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Govt cautious on FM radio phase III rollout

Our Bureau,

New Delhi , Nov. 13

FM radio's phase III expansion is not likely to take off until the new radio channels that earned licences under phase II bidding start beaming programmes and turn in their balance sheets.

"We are waiting for the results of phase-II. Let's learn the lessons, and tweak the policy, if we have, to before we roll out phase III of FM Radio," said Mr S.K. Arora, Secretary, Ministry of Information and Broadcasting. Till then, even those frequency bands that had not found any takers are not likely to be made available for re-bidding.

Dynamic growth

Although the industry boasts of a dynamic growth, with the number of FM radio stations expected to grow from 20 to 270 once the phase II allotments go on air, the Government prefers to be cautious. It points out that not so long ago, it was an industry on the verge of collapse, and, going forward, will have to vie for audience attention in the face of an increasing number of television channels.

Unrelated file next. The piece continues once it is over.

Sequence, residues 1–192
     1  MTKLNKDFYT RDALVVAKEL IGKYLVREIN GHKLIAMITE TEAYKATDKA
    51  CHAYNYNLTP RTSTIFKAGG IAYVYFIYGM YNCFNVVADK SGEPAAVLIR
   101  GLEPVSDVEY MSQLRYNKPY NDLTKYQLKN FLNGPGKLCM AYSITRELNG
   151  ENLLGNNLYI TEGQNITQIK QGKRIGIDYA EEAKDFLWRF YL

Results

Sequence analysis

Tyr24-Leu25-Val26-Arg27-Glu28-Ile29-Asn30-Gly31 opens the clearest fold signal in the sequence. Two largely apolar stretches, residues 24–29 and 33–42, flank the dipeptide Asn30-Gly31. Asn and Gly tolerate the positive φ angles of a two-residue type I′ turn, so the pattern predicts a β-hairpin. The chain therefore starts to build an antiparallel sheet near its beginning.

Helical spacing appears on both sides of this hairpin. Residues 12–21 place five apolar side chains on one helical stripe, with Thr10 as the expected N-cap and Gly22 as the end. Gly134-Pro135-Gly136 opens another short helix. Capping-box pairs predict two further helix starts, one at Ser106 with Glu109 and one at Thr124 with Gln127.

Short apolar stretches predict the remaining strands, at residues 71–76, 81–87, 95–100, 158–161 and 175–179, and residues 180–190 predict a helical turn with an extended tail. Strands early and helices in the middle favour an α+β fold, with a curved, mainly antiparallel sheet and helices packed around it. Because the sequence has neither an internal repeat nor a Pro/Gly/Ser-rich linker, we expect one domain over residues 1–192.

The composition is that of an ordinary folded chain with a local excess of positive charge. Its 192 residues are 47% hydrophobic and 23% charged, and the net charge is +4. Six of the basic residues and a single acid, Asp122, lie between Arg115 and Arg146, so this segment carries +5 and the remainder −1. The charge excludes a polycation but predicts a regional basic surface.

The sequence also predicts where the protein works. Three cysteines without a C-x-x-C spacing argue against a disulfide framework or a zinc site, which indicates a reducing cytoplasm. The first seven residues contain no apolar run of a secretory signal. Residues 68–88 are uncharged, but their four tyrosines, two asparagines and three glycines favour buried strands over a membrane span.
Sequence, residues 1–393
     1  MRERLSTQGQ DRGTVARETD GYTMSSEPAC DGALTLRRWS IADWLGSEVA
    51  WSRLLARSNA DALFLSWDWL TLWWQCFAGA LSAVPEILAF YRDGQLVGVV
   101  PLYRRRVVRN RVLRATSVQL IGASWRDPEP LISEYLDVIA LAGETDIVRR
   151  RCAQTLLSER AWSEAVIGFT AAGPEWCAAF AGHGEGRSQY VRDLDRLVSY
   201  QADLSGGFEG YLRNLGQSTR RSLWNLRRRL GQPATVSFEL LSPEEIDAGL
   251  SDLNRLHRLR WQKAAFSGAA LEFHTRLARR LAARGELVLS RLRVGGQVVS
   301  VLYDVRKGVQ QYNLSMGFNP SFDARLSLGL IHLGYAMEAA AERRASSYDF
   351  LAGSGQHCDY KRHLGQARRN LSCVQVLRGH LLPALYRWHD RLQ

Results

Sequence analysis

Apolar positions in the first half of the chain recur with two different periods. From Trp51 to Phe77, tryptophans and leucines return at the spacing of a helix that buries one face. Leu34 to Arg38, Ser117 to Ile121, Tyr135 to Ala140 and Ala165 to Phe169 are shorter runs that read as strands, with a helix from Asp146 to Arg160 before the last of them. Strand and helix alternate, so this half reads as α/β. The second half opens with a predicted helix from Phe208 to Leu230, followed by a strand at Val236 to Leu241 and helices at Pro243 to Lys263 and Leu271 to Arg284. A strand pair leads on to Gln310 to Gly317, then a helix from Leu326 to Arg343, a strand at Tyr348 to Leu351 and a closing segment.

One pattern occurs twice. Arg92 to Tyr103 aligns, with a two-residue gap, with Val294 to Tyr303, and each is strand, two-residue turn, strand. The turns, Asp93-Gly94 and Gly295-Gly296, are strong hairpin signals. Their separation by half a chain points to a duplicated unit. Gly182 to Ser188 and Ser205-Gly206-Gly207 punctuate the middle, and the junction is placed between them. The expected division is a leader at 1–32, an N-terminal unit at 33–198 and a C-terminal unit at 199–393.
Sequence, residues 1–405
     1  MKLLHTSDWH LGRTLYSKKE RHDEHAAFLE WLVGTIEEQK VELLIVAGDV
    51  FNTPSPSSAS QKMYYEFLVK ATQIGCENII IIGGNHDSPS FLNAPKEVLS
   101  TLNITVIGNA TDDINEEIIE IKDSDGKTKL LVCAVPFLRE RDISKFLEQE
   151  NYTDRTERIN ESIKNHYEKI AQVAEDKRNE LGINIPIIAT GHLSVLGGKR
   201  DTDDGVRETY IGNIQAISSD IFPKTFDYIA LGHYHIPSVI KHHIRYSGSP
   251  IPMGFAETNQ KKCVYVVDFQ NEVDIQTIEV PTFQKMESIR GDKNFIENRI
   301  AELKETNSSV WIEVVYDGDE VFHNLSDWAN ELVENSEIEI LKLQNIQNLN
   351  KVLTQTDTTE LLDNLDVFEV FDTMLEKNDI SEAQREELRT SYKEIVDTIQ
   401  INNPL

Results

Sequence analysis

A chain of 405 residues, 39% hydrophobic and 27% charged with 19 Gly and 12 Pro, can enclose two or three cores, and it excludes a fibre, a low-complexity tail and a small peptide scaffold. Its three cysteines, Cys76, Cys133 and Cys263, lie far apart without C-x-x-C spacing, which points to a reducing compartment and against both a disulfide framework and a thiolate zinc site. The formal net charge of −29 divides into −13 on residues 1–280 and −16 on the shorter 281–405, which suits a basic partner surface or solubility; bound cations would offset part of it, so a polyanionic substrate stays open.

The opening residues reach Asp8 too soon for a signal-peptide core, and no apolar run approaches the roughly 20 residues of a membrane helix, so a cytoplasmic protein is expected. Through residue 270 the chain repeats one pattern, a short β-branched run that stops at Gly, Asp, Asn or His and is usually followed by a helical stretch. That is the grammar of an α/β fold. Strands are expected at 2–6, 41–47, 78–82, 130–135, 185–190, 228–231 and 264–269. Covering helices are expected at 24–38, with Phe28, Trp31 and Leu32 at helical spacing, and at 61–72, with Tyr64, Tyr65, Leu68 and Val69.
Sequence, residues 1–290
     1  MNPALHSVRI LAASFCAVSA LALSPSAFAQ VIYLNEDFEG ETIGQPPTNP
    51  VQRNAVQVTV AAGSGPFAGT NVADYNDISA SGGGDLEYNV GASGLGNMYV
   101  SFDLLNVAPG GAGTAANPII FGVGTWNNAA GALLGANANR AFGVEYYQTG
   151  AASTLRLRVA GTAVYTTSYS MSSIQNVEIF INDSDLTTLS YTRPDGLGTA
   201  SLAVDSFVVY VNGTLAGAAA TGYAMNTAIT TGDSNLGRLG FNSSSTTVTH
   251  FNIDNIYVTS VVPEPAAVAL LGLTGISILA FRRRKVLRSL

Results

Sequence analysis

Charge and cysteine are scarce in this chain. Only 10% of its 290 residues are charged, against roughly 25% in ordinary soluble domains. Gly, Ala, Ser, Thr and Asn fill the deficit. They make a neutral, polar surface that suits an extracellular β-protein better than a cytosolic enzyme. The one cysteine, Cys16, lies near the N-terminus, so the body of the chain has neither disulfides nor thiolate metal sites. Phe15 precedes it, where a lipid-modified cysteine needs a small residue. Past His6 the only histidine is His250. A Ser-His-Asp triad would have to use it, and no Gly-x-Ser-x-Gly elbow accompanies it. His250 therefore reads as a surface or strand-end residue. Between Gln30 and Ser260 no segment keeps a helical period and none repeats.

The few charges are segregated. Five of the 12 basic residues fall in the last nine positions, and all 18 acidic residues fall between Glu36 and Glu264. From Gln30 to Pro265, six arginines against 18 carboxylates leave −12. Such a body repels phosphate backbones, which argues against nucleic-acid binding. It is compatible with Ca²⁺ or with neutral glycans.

"The media in India has been used to a hands-off approach by the Government. But, of late, the media is no longer only about the constitutional right to freedom of speech but is also about commerce and industry. And that's why when it comes to policymaking, regulations are not in conflict to freedom of speech, but to allow for a stable regime in the conduct of business and to facilitate its expansion," Mr Arora said at a seminar on the Indian Radio Industry organised by FICCI.

Dr Amit Mitra, Secretary-General, FICCI, who chaired the opening session of the seminar pointed out that while the entire media & entertainment industry was slated to grow at a Compound Annual Growth Rate of 19 per cent, the radio industry would see a CAGR of 32 per cent, taking the industry from Rs 240 crore in 2004, to an expected Rs 1,200 crore by 2010.

Community radio

The Government, on its part, seems the most enthusiastic about community radio. According to Mr Arora, the Government, which is waiting for the Cabinet to approve a further liberalisation of community radio, expects the number of these stations to grow from 60 to several hundred. "It is not the Government but primarily non-government agencies that will be leading this revolution," said Mr Arora.

On the occasion, FICCI also announced the launch of a FICCI Radio Forum, to be headed by Mr A.P. Parigi, CEO &MD, Entertainment Network India Ltd, to consolidate the radio industry and liaison with the Government on its behalf.

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